21 Apr 2024

Arts News: NZ wins Golden Lion at Venice while Israel keeps its doors closed, Aardman Animation in NZ & government talks arts strategy

From Culture 101, 3:00 pm on 21 April 2024
Mataaho Collective's Takapau in Stranieri Ovunque, Foreigners Everywhere at the 30th Venice Biennale.

Mataaho Collective's Takapau in Stranieri Ovunque, Foreigners Everywhere at the 30th Venice Biennale. Photo: Ben Stewart

Aotearoa New Zealand has won one of the world’s most prestigious art prizes this weekend.

Mataaho collective have been awarded the Golden Lion award by a jury for their large scale work in the main curated exhibition at the 60th Venice Biennale, which opened this weekend. 

Held every two years, the Biennale is sometimes dubbed the Olympics of the art world and its achievement that Creative New Zealand’s Amanda Hereaka has dubbed as “the equivalent of winning a gold medal.”

Meanwhile, in a significant weekend for art in Oceania and Indigenous artists worldwide, the other major award at Venice, The Golden Lion for National Pavilion has been awarded to Archie Moore, Australia’s representative at the Biennale. It is the first time Australia has won this award.  

In other news from Venice, the artists and curators of the Israeli national pavilion announced their decision this week not to open until "a ceasefire and hostage release agreement is reached" in Gaza.

It comes on the opening preview day of the largest and most prominent global gathering in the art world.

The presence of Israel at the Biennale has been widely criticised. 

Te Whare Wānanga o Waitaha University of Canterbury have signed a multi-year agreement with the training arm of famed British stop motion makers - Aardman Animations.

The university says it has the potential to redefine the animation landscape in Aotearoa. 

The university has become the only educational institution in New Zealand and the Pacific territories to specialise in Aardman stop-motion animation. An agreement is already in place in Australia.

Animation students studying a Bachelor of Digital Screen with Honours, will receive training directly from industry leaders - including Aardman staff. 

Aardman Academy was created at a time when the studio needed more animators to produce their 2000 feature Chicken Run, which went on to become the highest-grossing stop-motion film of all time. 

In an article for The Big Idea website, Minister for Arts, Culture and Heritage Paul Goldsmith has indicated it's time for the country to develop an arts creative sector strategy.

Something he says he had been initially skeptical about. 

Minister Goldsmith suggests the four pillars of a strategy should be setting an aspirational target, ensuring the regulatory environment enables success, spending government money wisely so that it leverages further input from philanthropy and commerce, and thinking in terms of sustainable creative careers.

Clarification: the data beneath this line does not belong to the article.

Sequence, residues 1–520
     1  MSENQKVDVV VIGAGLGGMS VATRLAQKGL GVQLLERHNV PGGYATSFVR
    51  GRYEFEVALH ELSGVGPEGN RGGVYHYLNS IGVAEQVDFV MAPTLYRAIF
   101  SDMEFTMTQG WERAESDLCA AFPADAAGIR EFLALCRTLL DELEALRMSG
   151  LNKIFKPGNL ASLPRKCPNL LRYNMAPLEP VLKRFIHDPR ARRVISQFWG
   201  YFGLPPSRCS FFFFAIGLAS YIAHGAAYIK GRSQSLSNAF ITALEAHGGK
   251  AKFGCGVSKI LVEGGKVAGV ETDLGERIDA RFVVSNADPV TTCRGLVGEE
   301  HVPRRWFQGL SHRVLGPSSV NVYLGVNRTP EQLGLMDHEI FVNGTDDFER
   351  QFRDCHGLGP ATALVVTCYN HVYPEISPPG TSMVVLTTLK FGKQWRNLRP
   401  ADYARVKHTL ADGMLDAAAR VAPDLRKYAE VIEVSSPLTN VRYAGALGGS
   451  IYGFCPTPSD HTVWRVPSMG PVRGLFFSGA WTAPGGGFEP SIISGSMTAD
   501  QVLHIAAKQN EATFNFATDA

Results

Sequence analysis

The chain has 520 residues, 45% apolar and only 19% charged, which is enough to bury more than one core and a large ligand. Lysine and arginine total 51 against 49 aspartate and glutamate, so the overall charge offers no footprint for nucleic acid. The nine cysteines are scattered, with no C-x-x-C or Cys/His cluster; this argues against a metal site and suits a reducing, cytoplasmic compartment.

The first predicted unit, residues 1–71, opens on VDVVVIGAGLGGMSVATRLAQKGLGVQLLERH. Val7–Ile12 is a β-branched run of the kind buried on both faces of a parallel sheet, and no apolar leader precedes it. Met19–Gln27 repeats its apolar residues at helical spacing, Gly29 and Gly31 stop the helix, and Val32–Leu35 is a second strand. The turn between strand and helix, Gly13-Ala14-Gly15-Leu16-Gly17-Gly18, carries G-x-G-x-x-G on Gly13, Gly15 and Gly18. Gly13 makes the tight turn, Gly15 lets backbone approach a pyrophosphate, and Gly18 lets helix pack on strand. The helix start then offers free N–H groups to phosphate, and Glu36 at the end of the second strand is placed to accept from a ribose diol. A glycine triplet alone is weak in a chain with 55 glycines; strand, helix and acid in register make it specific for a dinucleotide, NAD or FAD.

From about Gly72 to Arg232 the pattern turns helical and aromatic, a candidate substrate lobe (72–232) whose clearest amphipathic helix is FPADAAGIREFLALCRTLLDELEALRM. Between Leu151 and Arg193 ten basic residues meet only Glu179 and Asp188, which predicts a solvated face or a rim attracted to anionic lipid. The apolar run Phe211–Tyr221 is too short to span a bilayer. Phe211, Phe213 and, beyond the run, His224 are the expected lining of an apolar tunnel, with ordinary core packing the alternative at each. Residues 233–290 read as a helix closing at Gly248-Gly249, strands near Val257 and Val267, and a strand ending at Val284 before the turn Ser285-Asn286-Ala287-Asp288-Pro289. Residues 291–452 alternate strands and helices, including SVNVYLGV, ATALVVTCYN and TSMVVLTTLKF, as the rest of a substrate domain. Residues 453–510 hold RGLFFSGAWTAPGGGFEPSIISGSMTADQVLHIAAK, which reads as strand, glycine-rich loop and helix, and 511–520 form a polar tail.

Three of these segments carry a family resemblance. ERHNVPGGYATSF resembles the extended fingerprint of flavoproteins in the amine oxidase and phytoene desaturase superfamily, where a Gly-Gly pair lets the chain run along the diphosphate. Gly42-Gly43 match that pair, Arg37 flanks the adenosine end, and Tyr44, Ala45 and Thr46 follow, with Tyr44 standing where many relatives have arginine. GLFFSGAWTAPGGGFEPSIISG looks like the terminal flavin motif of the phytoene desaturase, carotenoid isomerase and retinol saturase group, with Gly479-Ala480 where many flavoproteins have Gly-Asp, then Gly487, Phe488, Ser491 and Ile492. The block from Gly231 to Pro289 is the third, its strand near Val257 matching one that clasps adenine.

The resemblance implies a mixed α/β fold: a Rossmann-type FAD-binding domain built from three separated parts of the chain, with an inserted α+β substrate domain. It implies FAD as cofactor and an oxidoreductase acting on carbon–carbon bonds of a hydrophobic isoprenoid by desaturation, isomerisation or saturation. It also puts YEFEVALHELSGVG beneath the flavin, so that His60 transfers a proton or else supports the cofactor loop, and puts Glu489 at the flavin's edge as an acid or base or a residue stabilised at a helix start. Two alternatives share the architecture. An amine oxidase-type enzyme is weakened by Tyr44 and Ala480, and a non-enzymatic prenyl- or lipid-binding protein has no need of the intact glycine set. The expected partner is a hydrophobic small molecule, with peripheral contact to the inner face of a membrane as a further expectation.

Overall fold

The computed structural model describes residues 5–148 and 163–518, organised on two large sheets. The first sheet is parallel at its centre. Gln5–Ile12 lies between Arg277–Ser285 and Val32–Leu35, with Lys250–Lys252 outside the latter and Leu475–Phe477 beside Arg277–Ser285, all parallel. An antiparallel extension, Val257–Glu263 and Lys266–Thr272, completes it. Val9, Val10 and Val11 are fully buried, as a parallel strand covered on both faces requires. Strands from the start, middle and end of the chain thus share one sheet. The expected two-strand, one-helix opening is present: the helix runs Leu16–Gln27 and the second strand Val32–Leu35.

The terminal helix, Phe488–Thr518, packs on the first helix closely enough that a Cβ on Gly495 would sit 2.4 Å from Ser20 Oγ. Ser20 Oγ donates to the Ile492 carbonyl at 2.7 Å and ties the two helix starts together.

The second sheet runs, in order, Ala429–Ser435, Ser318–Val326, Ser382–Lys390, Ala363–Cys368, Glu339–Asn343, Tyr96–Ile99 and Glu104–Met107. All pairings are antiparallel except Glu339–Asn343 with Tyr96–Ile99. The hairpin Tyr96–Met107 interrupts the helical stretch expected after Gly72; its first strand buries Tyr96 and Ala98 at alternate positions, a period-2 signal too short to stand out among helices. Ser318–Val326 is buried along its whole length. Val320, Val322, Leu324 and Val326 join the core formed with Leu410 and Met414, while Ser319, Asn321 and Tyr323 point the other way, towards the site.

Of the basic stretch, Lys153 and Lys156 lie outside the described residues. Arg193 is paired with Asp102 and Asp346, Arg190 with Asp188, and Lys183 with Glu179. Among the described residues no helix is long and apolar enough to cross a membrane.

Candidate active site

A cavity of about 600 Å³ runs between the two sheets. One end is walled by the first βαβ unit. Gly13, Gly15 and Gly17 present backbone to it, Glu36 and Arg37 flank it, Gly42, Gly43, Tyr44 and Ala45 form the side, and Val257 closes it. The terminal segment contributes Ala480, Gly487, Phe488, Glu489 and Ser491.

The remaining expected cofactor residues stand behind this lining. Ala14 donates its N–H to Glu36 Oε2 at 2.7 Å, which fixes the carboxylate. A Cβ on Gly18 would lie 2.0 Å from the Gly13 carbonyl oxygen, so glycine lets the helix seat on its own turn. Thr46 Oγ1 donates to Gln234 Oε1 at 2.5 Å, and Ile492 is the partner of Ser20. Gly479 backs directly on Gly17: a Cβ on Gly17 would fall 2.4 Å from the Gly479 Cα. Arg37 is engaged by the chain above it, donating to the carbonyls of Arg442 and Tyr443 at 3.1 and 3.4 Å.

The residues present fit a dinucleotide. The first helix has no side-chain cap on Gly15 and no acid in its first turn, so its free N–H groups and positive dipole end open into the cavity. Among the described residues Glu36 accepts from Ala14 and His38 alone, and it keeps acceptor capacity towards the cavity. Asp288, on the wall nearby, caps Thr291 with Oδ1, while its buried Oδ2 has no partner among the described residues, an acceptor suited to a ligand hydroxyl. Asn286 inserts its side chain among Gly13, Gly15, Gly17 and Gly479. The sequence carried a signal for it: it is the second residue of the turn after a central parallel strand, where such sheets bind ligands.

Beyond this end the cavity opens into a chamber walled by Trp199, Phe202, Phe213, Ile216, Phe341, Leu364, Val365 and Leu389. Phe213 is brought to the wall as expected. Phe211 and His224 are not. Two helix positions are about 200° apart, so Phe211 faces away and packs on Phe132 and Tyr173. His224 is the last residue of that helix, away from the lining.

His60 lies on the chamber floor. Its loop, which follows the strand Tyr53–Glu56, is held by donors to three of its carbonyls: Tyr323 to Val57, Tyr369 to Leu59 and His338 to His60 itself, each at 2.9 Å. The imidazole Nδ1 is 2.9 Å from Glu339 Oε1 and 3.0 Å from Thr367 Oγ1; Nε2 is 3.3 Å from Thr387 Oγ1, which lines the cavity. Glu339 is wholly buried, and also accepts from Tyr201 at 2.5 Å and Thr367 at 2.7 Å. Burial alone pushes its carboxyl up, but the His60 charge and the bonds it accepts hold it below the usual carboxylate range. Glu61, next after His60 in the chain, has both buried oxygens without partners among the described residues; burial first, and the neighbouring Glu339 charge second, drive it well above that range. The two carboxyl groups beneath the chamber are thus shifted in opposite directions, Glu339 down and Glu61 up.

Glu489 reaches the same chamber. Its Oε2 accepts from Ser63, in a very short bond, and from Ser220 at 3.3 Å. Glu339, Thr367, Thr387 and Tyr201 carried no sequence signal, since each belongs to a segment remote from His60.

In economic terms, Goldsmith says the arts and creative sector contributes $16.3 billion to the economy.

He's asking whether it would be possible to double the sector's contribution to GDP and export revenue in seven years.

Goldsmith says he plans to continue consulting the sector on a strategy over the coming months, with all ideas welcome.

SOUNZ Centre for New Zealand Music has announced the appointment of Dr Hannah Darroch as its new Chief Executive. 

Dr Darroch is currently Principal Flute of the Christchurch Symphony Orchestra and teaches at the University of Canterbury's School of Music, and programmes music for RNZ Concert. 

Her doctorate looked at connections between the timbre of taonga pūoro and its use in contemporary Aotearoa flute works

The finalists for the Aotearoa Music Awards have been announced. 

Stan Walker and Avantdale Bowling Club's Tom Scott lead the nominations, with Walker up for five awards..

The Beths are finalists in 3 categories, Aradhna is nominated ahead of the release of her first album in 8 years and 2023 Taite Music Prize winner Princess Chelsea is a finalist for three awards.

The awards will take place at Auckland's Viaduct Events Centre on the 30th May. 

A  Treaty of Waitangi display at Te Papa in Wellington which was spray painted late last year will be taken down next week. 

Te Papa co-leaders Arapata Hakiwai and Courtney Johnston say keeping the panel in place temporarily had led to some valuable conversations, but the time was right for a brand-new exhibition. 

The altered panel will be stored by the museum, with no decision yet about its future.

The New Zealand Painting and Printmaking Awards have been taking place this week. 
James S Watson collected the 15 thousand dollar main prize for his work A Quiet Place to Rest.

The awards are run by the Waikato Society of Arts The Print Merit Award. Zara Dolan won two thousand dollars for her work - The title encodes the process. 

Those who are deaf, blind or have low vision, or who can't physically make it into the theatre have been given more opportunity at Pōneke Wellington's BATS Theatre - through live streaming online, real time captioning and audio description thanks to funding from the ANZ Staff Foundation. 

Audio description is a narrated commentary for blind and low vision audience members. which gives descriptions of the visual elements transmitted to wireless receivers and headsets worn by the audience members.  

There's new music from a Lennon and McCartney partnership - just a slightly different one. 

James McCartney and Sean Ono Lennon - the sons of Beatles members Paul McCartney and John Lennon have co-written a song - called Primrose Hill. 

The acoustic ballad is an ode to the panoramic viewing spot in London's Regent Park. 

McCartney says he's excited to release the track with his "good friend".